Committees with Jurisdiction over Indian Affairs in the 112 Congress

Committees with Jurisdiction over Indian Affairs in the 112th Congress

Below is a listing of the Members of the Senate Indian Affairs Committee chaired by Senator Daniel Akaka (D-HI) as well as the Members of the newly created House Natural Resources Subcommittee on Indian and Alaska Native Affairs chaired by Congressman Don Young (R-AK).

SENATE INDIAN AFFAIRS

Chairman: Daniel Akaka (HI)

Democratic Members:

Daniel Inouye (HI)
Kent Conrad (ND)
Tim Johnson (SD)
Maria Cantwell (WA)
Jon Tester (MT)
Tom Udall (NM)
Al Franken (MN)

Vice Chairman: John Barrasso (WY)

Republican Members:

John McCain (AZ)
Lisa Murkowski (AK)
John Hoeven (ND)
Michael Crapo (ID)
Mike Johanns (NE)

HOUSE INDIAN and ALASKA NATIVE AFFAIRS NATURAL RESOURCES SUBCOMMITTEE

Chairman: Don Young, AK-at large

Republican Members:

Jeff Denham, CA-19
Daniel Benishek, MI-01
Paul Gosar, AZ-01
Raúl Labrador, ID-01
Kristi Noem, SD-at large
Doc Hastings, WA-04 (ex-officio)

Ranking Minority Member: Dan Boren, OK-02

Democratic Members:

Dale Kildee, MI-05
Ben Ray Luján, NM-03
Colleen Hanabusa, HI-01
Edward Markey, MA-07 (ex-officio)

Status of FY 2011 Appropriations

Status of FY 2011 Appropriations

Fiscal conservatives concerned with the federal deficit have pledged to cut overall federal spending by $100 billion. They are actively working to cut spending immediately by cutting funding for the remaining 7 months of FY 2011 (March 2011-September 2011).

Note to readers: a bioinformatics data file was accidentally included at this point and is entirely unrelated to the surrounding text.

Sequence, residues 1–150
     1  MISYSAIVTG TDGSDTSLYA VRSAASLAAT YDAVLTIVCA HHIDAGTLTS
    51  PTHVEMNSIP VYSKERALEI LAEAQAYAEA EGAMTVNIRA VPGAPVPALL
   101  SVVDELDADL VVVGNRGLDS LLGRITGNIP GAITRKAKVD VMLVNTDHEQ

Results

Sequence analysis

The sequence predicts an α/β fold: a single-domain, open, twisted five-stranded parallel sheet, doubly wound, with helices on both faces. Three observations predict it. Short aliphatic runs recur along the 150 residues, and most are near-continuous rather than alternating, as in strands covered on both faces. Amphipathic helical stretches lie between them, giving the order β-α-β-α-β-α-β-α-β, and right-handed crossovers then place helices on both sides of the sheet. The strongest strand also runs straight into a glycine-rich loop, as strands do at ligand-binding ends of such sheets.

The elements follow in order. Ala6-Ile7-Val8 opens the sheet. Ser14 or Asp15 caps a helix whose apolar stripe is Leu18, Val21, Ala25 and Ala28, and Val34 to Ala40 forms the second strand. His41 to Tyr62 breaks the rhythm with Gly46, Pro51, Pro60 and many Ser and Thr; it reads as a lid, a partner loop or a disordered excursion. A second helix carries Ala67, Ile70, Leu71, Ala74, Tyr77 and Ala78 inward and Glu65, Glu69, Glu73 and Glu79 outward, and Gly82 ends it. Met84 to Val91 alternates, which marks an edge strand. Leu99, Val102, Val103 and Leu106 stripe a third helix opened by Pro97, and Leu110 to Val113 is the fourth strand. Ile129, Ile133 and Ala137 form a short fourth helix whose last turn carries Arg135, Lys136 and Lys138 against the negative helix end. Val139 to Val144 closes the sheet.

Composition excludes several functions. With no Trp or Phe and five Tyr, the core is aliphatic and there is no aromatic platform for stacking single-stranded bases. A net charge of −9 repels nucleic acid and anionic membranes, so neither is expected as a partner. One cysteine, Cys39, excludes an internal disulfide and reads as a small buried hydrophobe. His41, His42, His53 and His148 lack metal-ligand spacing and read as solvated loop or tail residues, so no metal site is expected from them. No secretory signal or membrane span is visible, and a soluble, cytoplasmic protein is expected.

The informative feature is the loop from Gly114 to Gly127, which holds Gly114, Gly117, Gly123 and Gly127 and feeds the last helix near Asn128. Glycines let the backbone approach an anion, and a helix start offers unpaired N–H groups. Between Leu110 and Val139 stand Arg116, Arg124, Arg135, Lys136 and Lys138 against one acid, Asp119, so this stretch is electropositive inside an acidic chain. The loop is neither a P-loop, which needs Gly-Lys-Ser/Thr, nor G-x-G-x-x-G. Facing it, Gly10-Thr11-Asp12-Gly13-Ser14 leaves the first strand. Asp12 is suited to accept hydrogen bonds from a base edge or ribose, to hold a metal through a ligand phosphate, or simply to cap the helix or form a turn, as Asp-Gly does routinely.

At the end of the 111th Congress, federal legislators passed a series of continuing resolutions to temporarily fund the government. However, Congress failed to finalize FY 2011 appropriations before adjourning. That job now lies in the hands of the 112th Congress. The current continuing resolution is set to expire on March 4, 2011.

Fiscal conservatives took one step toward the goal of cutting $100 billion in federal spending on January 25th when they approved House Resolution 38, which directs Budget Chairman Paul Ryan (R-WI) to set non-security spending allocations for the remainder of FY 2011 at “fiscal year 2008 levels or less.”

It is unlikely that this hard line stance will be adopted in the Senate. The Senate has not considered a resolution similar to H. Res. 38 to limit FY 2011 spending. The White House deficit reduction plan includes a proposal to freeze domestic spending at current levels for the next five fiscal years.

The battle on FY 2011 spending will come to a head before March 4, 2011, when Congress must finalize FY 2011 appropriations. Because of the differing approaches of the House and Senate, Senate Appropriations Chairman Daniel Inouye (D-HI) has indicated that Congress may have to again pass a temporary continuing resolution to fund the government. If this is the case, FY 2011 spending will likely be frozen at FY 2010 levels with some exceptions.

FY 2012 Appropriations

In addition to the fight over FY 2011 funding, it will be a year-long battle over FY 2012 spending levels — a battle that will begin with the release of the President’s Budget. Federal law requires the President to submit a budget no later than the first Monday in February. However, the White House has indicated that the FY 2012 Budget will be released after February 14, 2011.

While the fight over spending will last the entire year, we must continue to do all that we can to educate all Members of Congress about the federal treaty and trust obligations to provide for the health care and general welfare of all American Indians.